“They’re coming to get you Barbara.” One of the most iconic lines in all of horror cinema, George A. Romero is the man who made the zombie genre what it is today. While not scary by today’s standards, back in 1968, the sheer impact of the film caused Reader’s Digest to publish a piece urging people to not view the film for fear that it would spark an onslaught of cannibalism to occur. That isn’t made up. That article was really published! The film itself gave birth to what the undead genre would become even though the undead wasn’t a new idea; a film called White Zombie was released in 1932. Romero actually defined what a zombie was moving away from the Haitian legend itself and branding his own unique vision. Still, the movie is an absolute blast and almost a mandatory watch on Halloween. With a wonderful cast, the timeless black and white presentation and the conclusion that left audiences stunned, The Night of the Living Dead is the film that gave us the zombies and is still one of the most enthralling horror films ever made. It surely freaked people out back then, but in the modern world, zombies are pop culture icons and we have George A. Romero to thank for that!
Going for a hike is one thing, but exploring a cave is something else entirely. Visiting a world that hardly sees any sunlight and armed with only battery-operated flashlights and headlamps, venturing deep into a cave does have its appeal. That all changed when The Descent was released. When a group of women decide to explore a cave system, the last thing any of them expected was to encounter something else deep within the cavern walls. This British horror film blends claustrophobia, paranoia and fear into the mix while the female characters are fighting for their survival when encountering these humanoid-like creatures who attack at will and are ferocious. Opting for the building of suspense instead of jump scares, The Descent is certainly one of the best horror films of the 21st century. A sequel was released four years later, which wasn’t half bad, but was a largely unnecessary sequel. Still, The Descent is well acted, scary as hell and made everyone fearful of lurking into a cave. If you find yourself inside a cave and you hear a noise in the distance and it isn’t you…RUN!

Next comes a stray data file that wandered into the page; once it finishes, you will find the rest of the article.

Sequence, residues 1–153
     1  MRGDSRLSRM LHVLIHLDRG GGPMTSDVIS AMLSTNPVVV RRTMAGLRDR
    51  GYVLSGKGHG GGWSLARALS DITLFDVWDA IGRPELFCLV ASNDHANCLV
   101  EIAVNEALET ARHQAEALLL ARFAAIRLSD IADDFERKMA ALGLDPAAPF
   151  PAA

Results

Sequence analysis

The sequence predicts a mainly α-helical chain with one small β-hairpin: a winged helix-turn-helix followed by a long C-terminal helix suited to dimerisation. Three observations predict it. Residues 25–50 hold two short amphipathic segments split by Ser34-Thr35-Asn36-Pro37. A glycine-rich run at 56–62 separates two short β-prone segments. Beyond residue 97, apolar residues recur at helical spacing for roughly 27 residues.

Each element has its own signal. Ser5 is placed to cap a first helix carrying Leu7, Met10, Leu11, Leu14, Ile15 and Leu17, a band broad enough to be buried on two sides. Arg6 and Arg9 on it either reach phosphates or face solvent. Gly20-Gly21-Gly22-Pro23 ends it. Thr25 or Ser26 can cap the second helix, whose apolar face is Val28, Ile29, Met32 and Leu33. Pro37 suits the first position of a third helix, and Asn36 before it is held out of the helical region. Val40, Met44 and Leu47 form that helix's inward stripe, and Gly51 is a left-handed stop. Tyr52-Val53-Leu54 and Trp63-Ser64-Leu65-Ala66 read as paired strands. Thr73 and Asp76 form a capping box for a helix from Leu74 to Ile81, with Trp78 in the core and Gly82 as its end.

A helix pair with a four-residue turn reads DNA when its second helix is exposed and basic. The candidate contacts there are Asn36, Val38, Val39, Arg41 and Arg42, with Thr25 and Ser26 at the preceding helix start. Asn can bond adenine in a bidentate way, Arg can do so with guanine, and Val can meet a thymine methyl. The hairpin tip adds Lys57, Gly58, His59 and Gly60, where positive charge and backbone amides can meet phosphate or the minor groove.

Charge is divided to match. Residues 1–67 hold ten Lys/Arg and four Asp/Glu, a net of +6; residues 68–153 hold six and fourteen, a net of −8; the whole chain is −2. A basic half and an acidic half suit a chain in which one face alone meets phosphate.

The Texas Chainsaw Massacre
Marketed as “Based on True Events” Tobe Hooper’s 1974 horror film drew audiences into the theater unaware of what it was they were about to experience. What followed was a tale, a tragedy if you will, about a group of young people who disappeared from the face of the earth at the hands of a cannibalistic family. One of the most recognized faces in all of cinema, Leatherface made his appearance and seeing him for the first time terrified audiences and the level of violence was enough to make people run for the exit. While not violent by today’s standards, The Texas Chainsaw Massacre was built with an intriguing story, a haunting theme and outstanding direction from Hooper.
With numerous sequels, remakes and reimaginings, the first film is the one that started it all and the ending itself is enough to leave you shaken. With some jump scares present, the movie was built as a slow burning thriller with a third act revealing the true horror that the house in Texas was keeping secret. This is still one of the scariest movies ever made and Leatherface himself is a hulking figure that is not only a sight to see but is also a cultural icon that saw other horror icons rise up in the years that followed. Just hearing that chainsaw rev up is enough to make you wonder if some crazed lunatic is running towards you!